Efforts to develop the necessary capabilities for building a practical ‘quantum-based’ internet have been ongoing for years. One of the biggest challenges is being able to maintain and manage entanglement of remote quantum memories over great distances. Last week a group of researchers from University of Science and Technology of China reported in Nature having successfully entangled quantum memories made from atomic ensembles and maintained entanglement over 22 kilometers of “field-deployed fiber” and 50 kilometers of coiled fiber in a lab.
This achievement of city-scale distance ‘transmission’ over fiber using atomic ensembles as quantum memory is a first and is catching attention. There’s an account of the work posted on New Scientist noting, “Individual photons have been entangled across distances exceeding 1000 kilometres, but for larger systems of particles, which hold more information, maintaining this entanglement is harder.” In their work, the researchers used ensembles of ~100 million cooled rubidium atoms in a vacuum chamber as quantum memory.
The use of atomic ensembles for quantum memory has been an active area for some time and presents characteristics that enhance on-demand entanglement but also are challenging to manage. The details of the newly reported approach are best read directly from the paper (Entanglement of two quantum memories via fibres over dozens of kilometres). In brief, the researcher created two separate ‘memory’ nodes in the same lab and were able to entangle them in a way not unlike what would be needed for signal repeater in a quantum internet. This excerpt is from the paper:
“A quantum internet that connects remote quantum processors should enable a number of revolutionary applications such as distributed quantum computing. Its realization will rely on entanglement of remote quantum memories over long distances. Despite enormous progress, at present the maximal physical separation achieved between two nodes is 1.3 kilometres, and challenges for longer distances remain. Here we demonstrate entanglement of two atomic ensembles in one laboratory via photon transmission through city-scale optical fibres.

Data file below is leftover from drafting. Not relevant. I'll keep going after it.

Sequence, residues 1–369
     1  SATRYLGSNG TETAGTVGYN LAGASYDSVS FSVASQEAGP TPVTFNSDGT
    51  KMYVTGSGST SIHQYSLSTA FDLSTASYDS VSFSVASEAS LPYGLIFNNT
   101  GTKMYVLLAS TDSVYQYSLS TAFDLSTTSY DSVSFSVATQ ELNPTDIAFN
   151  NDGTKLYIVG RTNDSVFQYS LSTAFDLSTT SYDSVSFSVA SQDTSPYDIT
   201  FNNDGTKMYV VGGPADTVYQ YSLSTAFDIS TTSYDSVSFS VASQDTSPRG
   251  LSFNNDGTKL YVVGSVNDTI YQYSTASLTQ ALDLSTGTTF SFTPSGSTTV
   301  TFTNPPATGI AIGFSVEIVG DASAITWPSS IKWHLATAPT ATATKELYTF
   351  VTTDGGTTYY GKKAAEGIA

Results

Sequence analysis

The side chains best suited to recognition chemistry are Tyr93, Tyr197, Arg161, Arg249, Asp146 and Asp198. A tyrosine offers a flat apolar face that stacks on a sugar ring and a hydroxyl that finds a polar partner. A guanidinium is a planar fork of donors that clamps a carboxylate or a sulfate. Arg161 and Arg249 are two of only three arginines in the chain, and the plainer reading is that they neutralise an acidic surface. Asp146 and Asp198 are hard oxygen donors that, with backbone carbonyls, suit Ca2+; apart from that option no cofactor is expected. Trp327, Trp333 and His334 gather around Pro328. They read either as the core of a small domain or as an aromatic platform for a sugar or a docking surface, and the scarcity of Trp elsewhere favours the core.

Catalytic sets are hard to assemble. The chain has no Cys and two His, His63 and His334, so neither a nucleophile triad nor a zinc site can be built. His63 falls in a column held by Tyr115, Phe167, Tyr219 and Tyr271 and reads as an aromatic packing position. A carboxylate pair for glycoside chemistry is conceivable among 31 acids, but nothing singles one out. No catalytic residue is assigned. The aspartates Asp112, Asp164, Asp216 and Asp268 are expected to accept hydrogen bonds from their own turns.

“The atomic ensembles function as quantum memories that store quantum states. We use cavity enhancement to efficiently create atom-photon entanglement and we use quantum frequency conversion to shift the atomic wavelength to telecommunications wavelengths. We realize entanglement over 22 kilometres of field-deployed fibres via two-photon interference and entanglement over 50 kilometres of coiled fibres via single-photon interference. Our experiment could be extended to nodes physically separated by similar distances, which would thus form a functional segment of the atomic quantum network, paving the way towards establishing atomic entanglement over many nodes and over much longer distances.”
Shown below is a diagram of the experiment and caption from the paper.
The researchers note their work is an important first step and discuss next steps: “Extending these experiments to nodes separated by much longer distances will enable us to perform advanced quantum information tasks, such as efficient quantum teleportation over long distances. By incorporating more quantum memories, our experiment may be extended to entangle multiple quantum memories over long distances via multi-photon interference. One may also create two pairs of remote atomic entanglement over sub-links and extend the distance of atomic entanglement via entanglement swapping, following the quantum repeater scheme. Concatenating this process could extend the distance sufficiently to beat the limit of direct transmission.”
Link to New Scientist article written by Leah Crane: https://www.newscientist.com/article/2233317-record-breaking-quantum-memory-brings-quantum-internet-one-step-closer/#ixzz6EVDW1B4F
Link to Nature paper: https://www.nature.com/articles/s41586-020-1976-7.epdf